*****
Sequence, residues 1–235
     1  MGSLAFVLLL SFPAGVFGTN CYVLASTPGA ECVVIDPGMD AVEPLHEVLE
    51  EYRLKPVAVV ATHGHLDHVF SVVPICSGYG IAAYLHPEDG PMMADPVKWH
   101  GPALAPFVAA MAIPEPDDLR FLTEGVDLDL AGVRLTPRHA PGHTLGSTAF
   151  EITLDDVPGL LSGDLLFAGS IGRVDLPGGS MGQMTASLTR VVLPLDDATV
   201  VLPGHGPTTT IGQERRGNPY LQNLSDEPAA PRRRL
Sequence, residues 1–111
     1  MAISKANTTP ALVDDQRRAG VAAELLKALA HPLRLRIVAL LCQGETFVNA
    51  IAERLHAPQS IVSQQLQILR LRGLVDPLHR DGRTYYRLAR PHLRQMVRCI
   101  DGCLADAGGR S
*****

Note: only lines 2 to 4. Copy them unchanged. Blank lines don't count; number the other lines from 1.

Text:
     1  MGSLAFVLLL SFPAGVFGTN CYVLASTPGA ECVVIDPGMD AVEPLHEVLE
    51  EYRLKPVAVV ATHGHLDHVF SVVPICSGYG IAAYLHPEDG PMMADPVKWH
   101  GPALAPFVAA MAIPEPDDLR FLTEGVDLDL AGVRLTPRHA PGHTLGSTAF